My husband and I have been together for more than 5 years, and he has two teenage sons from his first marriage. For the first couple of years that we were together, my husband's ex was cordial to me and supportive of my presence in her kids' lives, even though she is generally pretty nasty to my husband (she chose to end the marriage a couple of years before he and I met; he's a wonderful man and does not engage in her drama, so I don't understand why she treats him this way). I have generally had a good relationship with my step-sons - I'm not a perfect step-mom, but I try hard and I care about them so much, and I think they recognize that. In fact, one of my step-sons gave me a Mother's Day gift the year after my husband and I got married. Since then, husband's ex has been on a campaign to ruin my relationship with the boys and to be generally nasty to me. I do not respond, and I do not say anything negative about her in front of the kids. Now that they're older, I think they get the gist of what's happening, and it seems to affect them. I feel bad that they're stuck in the middle of this, and at a time when so many people are divided, I believe in mending relationships whenever possible. I have thought about reaching out to the ex to see if we can talk about this and at least go back to being cordial, but some people say that it's not worth it to engage with hateful people like this, as they'll probably just dig in deeper. I don't know the ex well, but from what I can tell, she's generally an unhappy person, and I recognize that this is about her and not me, unless I've done something to offend her that I wasn't aware of. Do you think it's worth it to try, or should I just continue to stay out of it and hope that as the kids grow up, they'll be less affected by it?

Honestly, I think it would be a losing battle to engage with her. I like your approach so far, and I think that trying to confront someone who is capable of this type of behavior in the first place is not going to go well, and it is very unlikely to end up "mending" that relationship. (What does your husband say to all of this? That is my number one question, if you are out there!)

I understand it hurts to watch your stepchildren go through this. But you can just continue to lead by example. Behaving with dignity, not responding to the trolls (real or virtual), having a baseline level of civility and kindness no matter what you're thrown. It also down the road can set the very good example of understanding that some people's drama is all about them, and should not be taken as a referendum on one's own worthiness. Keep your relationship with those kids strong-- it's THAT stability that will help them through this, probably much more than going into some confrontation that is bound to cause fireworks.

Has anyone else dealt with the difficult parent of their step-children?

My mid-20s sister has BPD and ongoing addiction issues (she's currently on subox to stay off heroin). She's "engaged" to an older man who is also struggling with addiction and neither are consistently employed. The fiance is a trained teacher but can't get a job (for obvious reasons) and has a child from a previous relationship that his parents have full custody of (also for obvious reasons). my sister has been unable to complete any post-high school education/training. She is also unemployed. She and the fiance are financial dependent upon family (more on that later). She recently found out she is pregnant and is thrilled. She is absolutely not considering termination or adoption. My mom and I are devastated but are working on coming to terms with things (with the help of good therapists respectively). The big issue is my grandparents... they are very wealthy and are controlling to the EXTREME. My grandparents are financing my sister and fiance's lifestyle in an attempt to "fix" my sister's "problems" since my mom clearly failed as a parent (< their words). Several months ago they decided to send my sister an email explaining to her that she should sterilize herself because of her "continued mental instability and addiction". (I'm not even going to get into how repugnant this is.) Needless to say they will be less than thrilled when they find out she's pregnant and will do everything in their power to keep her from being a parent. And I don't really know what to do. Do I think this is a good time for my sister to become a parent? ABSOLUTELY NOT. but I still believe in, you know, her right to be a human. I'm trying to avoid getting in the middle but I know I inevitably will be. I'm not really sure what I'm asking for here other than some words of wisdom. How can I support my sister and mother and reject my grandparent's awfulness but also stay true to myself (in that I think this pregnancy is a TERRIBLE idea)?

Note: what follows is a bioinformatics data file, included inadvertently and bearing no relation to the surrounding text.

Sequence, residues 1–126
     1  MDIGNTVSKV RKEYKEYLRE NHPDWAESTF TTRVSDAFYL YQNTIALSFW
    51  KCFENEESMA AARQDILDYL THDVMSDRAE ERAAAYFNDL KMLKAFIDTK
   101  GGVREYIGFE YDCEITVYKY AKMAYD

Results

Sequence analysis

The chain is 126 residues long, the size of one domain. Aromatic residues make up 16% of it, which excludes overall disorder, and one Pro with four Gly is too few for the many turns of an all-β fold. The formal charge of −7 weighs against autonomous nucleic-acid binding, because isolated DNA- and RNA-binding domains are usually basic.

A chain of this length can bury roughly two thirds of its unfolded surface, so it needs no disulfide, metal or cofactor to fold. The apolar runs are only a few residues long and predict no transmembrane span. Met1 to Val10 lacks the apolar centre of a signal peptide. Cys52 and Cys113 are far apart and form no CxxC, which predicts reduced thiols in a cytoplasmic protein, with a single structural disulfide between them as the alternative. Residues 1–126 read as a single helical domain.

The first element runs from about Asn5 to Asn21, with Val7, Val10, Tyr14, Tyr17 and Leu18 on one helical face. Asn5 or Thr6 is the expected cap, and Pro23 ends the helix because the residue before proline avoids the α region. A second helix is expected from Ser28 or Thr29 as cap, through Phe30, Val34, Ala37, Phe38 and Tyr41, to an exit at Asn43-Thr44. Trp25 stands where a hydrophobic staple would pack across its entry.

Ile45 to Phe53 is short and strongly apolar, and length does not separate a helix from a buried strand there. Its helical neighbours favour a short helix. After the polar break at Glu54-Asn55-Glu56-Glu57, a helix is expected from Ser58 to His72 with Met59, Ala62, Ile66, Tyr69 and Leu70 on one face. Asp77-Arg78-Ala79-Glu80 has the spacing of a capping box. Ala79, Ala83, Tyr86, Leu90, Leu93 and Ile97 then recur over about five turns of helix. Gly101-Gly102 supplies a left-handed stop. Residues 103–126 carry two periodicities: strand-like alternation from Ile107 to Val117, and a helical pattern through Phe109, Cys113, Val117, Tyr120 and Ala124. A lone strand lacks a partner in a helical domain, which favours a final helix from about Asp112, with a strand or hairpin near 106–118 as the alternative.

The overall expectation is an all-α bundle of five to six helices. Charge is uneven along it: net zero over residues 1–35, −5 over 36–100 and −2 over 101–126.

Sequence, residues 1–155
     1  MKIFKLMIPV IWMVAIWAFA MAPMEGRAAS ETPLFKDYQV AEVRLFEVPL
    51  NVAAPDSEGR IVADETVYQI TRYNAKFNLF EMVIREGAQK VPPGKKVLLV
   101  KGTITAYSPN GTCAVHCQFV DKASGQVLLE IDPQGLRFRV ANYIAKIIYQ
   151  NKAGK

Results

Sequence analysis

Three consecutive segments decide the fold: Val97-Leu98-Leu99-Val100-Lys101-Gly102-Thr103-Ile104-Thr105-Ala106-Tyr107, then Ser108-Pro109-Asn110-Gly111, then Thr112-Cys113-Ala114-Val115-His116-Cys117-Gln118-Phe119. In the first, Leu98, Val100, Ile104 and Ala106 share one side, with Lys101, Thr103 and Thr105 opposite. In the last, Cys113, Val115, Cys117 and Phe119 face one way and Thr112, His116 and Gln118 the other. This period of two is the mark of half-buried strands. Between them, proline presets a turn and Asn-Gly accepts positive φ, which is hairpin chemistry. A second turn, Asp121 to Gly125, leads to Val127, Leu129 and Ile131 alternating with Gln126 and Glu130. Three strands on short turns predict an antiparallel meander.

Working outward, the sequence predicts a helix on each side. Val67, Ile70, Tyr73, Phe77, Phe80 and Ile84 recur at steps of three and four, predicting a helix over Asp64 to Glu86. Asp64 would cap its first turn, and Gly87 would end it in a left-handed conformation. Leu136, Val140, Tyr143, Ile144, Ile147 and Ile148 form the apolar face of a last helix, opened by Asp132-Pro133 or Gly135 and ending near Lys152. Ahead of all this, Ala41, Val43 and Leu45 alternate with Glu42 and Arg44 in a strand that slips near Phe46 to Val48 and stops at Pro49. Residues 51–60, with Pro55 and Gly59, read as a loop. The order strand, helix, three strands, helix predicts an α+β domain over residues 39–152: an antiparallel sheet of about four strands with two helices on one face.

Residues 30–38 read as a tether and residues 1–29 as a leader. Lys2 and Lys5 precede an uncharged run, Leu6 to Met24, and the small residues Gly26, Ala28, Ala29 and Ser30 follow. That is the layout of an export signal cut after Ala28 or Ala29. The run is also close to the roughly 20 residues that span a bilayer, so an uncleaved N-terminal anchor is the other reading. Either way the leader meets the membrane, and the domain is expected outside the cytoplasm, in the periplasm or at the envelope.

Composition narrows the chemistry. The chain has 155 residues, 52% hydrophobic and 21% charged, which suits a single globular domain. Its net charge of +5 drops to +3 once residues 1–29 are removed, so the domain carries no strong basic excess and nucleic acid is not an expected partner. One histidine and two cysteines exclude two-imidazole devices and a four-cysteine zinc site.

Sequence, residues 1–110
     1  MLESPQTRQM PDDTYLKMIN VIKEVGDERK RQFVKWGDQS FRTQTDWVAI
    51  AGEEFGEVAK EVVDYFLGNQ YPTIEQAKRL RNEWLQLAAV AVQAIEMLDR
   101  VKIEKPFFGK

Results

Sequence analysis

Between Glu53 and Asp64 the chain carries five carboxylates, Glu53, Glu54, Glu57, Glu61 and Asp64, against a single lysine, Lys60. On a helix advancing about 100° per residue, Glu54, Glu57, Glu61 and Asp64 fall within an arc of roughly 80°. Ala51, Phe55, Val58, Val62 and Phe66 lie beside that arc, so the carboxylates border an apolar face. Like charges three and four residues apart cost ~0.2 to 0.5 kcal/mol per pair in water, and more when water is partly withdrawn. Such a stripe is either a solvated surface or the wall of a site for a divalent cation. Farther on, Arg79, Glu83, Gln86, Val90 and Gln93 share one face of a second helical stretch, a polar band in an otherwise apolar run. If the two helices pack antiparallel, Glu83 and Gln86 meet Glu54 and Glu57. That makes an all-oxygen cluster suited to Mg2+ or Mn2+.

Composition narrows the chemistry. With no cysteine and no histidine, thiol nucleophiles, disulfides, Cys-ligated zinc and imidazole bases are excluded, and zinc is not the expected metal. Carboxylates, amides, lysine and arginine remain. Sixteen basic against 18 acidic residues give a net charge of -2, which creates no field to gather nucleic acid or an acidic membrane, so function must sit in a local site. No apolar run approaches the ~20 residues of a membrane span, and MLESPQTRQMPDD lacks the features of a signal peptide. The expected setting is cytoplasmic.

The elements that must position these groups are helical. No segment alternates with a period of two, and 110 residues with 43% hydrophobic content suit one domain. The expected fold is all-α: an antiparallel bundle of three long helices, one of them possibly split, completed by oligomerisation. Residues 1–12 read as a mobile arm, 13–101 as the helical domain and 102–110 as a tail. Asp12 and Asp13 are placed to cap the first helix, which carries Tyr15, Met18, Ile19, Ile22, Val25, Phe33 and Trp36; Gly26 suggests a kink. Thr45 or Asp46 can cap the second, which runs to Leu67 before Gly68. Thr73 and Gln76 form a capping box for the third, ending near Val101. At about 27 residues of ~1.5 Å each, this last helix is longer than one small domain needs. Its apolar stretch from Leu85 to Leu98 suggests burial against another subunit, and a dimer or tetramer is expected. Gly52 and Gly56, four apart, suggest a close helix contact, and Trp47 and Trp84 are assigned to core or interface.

Ugh, this is truly an awful situation to be in. My heart goes out to you.

Let's get down to basics, though: your sister is choosing to have this baby. So the moment that that decision is solidified, then your role can move squarely into protecting and supporting her. From all of it-- from emotional manipulation, from blackmail worthy of some film noir movie about eugenics-- all of it.

You help her stay clean by helping her stay connected to her resources/treatment for sobriety. You listen when she needs it. You make it clear that you love her and want her to succeed. You intervene when is needed and take an active role in your niece/nephew's life. You seek out your own support so that you make sure you aren't getting sucked in in a way that jeopardizes your own emotional health.

Please keep us posted.